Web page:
Saudi wants to hire more Saudis.
Riyadh Saudi Arabia's concerned departments have begun a process of opening the door for employing more nationals, particularly in the public sector.
According to figures contained in a report from the Ministry of Civil Service, the body responsible for employing government sector employees, there are more than 75,000 posts filled by expatriates who can be replaced with Saudis.
The Ministry of Civil Service classifies any job occupied by a non-Saudi as "vacant" until it is filled by a Saudi.
The report, forwarded to the Custodian of the Two Holy Mosques King Abdullah Bin Abdul Aziz noted that the approved government posts amounted to 1,098,127 of which 941,900 were filled. It added that most of the jobs held by expatriates were in the health sector and universities. Last week the finance minister urged the private sector to contribute to hiring Saudis. The official figures put the kingdom's unemployment rate at 10.5 per cent, but the unofficial figures put the rate at around 20 per cent.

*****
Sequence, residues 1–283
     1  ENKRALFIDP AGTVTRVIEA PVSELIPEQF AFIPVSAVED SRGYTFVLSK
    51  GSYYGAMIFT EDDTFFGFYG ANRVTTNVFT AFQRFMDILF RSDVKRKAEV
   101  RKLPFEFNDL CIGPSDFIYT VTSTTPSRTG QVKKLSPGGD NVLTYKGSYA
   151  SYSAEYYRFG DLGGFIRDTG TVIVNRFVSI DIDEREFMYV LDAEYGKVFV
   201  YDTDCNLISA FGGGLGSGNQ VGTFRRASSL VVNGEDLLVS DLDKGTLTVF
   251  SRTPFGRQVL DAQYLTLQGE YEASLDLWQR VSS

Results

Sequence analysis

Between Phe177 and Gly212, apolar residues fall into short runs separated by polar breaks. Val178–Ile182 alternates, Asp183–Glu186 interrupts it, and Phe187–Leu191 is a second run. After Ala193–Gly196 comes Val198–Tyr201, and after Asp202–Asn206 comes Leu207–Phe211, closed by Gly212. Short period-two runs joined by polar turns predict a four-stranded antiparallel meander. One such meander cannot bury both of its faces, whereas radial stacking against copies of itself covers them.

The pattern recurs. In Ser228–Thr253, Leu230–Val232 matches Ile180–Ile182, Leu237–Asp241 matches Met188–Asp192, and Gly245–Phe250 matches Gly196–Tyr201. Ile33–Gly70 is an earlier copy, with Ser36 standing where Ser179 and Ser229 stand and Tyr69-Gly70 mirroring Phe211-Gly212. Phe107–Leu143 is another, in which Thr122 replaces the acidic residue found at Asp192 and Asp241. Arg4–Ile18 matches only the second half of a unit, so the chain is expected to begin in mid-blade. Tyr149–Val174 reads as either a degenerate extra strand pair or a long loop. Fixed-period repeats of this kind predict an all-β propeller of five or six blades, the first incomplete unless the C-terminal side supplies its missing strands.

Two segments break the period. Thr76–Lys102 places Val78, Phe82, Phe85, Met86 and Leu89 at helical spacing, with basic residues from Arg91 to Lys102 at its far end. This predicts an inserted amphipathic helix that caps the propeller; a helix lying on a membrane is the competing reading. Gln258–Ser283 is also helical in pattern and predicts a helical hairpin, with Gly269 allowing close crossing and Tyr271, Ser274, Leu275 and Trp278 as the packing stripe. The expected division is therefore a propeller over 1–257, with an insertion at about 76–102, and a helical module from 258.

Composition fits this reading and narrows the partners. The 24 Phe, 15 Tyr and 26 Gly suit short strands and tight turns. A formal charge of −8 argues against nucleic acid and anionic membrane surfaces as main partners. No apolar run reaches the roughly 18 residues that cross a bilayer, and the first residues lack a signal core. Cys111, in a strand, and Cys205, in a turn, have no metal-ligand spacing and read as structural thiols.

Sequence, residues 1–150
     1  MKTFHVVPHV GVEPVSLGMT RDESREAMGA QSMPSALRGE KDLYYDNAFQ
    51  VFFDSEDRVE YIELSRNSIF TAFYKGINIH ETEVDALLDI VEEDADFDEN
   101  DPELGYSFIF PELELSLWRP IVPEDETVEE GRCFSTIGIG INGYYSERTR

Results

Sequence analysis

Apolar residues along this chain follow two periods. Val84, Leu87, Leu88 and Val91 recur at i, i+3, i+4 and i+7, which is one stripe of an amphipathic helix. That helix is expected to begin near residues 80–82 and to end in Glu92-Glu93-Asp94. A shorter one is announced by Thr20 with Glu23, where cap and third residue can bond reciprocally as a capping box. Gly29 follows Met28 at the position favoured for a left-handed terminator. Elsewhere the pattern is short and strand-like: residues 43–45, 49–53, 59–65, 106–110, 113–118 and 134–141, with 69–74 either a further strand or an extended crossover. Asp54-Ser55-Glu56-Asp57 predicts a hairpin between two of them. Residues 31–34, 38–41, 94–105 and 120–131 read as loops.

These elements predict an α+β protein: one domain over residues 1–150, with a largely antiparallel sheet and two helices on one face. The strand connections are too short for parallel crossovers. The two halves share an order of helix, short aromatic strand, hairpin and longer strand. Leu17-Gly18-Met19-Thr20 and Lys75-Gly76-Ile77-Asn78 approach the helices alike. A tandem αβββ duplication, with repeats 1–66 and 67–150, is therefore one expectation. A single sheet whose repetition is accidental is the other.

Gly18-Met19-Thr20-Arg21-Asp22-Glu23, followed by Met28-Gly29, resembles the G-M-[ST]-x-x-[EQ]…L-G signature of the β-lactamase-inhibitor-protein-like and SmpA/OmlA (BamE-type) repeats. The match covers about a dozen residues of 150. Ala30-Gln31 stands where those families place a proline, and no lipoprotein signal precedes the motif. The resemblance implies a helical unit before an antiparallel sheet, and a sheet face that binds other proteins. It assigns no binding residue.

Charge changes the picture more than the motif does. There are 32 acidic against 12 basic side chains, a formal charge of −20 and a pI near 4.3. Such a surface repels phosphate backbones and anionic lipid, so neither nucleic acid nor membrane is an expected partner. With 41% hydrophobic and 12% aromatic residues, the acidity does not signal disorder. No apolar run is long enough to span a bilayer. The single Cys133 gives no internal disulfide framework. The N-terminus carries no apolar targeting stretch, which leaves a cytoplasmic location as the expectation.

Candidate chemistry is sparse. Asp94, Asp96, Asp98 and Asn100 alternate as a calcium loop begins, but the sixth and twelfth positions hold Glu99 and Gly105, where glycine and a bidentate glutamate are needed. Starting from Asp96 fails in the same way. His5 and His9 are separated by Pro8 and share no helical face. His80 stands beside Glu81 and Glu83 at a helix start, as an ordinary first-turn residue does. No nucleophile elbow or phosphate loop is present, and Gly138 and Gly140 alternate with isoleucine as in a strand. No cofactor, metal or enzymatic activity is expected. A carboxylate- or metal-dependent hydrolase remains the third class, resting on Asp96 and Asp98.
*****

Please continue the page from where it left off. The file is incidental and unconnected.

Appearing on Saudi television last week following the royal orders in which the monarch ordered billions of riyals to boost housing, social security services and education for the needy, the finance minister said the king's decisions will have a positive effect on the poor and in supporting unemployed nationals.
Meanwhile, more than 100 Saudi academics, activists and businessmen have called for major reforms including the establishment of a "constitutional monarchy" in the conservative Gulf kingdom, in a statement posted yesterday on the internet. They plan to submit the request to King Abdullah [Bin Abdul Aziz] at a later stage.
By Abdul Nabi Shaheen
- Saudi intellectuals demand reforms, not quietened by the King's money measures.
- Slim, fast: Saudi military told to shape up, or ship out
- King of Saudi starts saving for Somali famine victims
- ‘True’ Islam is not terrorism, King Abdullah of Saudi Arabia tells young
- Saudi campaign bravely uncovers domestic violence